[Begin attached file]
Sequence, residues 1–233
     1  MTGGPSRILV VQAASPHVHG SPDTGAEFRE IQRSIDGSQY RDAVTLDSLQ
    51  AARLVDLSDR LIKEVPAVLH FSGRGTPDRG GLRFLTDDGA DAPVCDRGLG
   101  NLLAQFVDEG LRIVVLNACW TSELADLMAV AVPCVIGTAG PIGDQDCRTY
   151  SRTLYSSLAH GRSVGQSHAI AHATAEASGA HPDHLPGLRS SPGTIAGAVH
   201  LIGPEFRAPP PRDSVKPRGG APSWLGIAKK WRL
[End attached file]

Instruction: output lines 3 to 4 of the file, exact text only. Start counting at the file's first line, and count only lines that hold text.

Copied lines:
    51  AARLVDLSDR LIKEVPAVLH FSGRGTPDRG GLRFLTDDGA DAPVCDRGLG
   101  NLLAQFVDEG LRIVVLNACW TSELADLMAV AVPCVIGTAG PIGDQDCRTY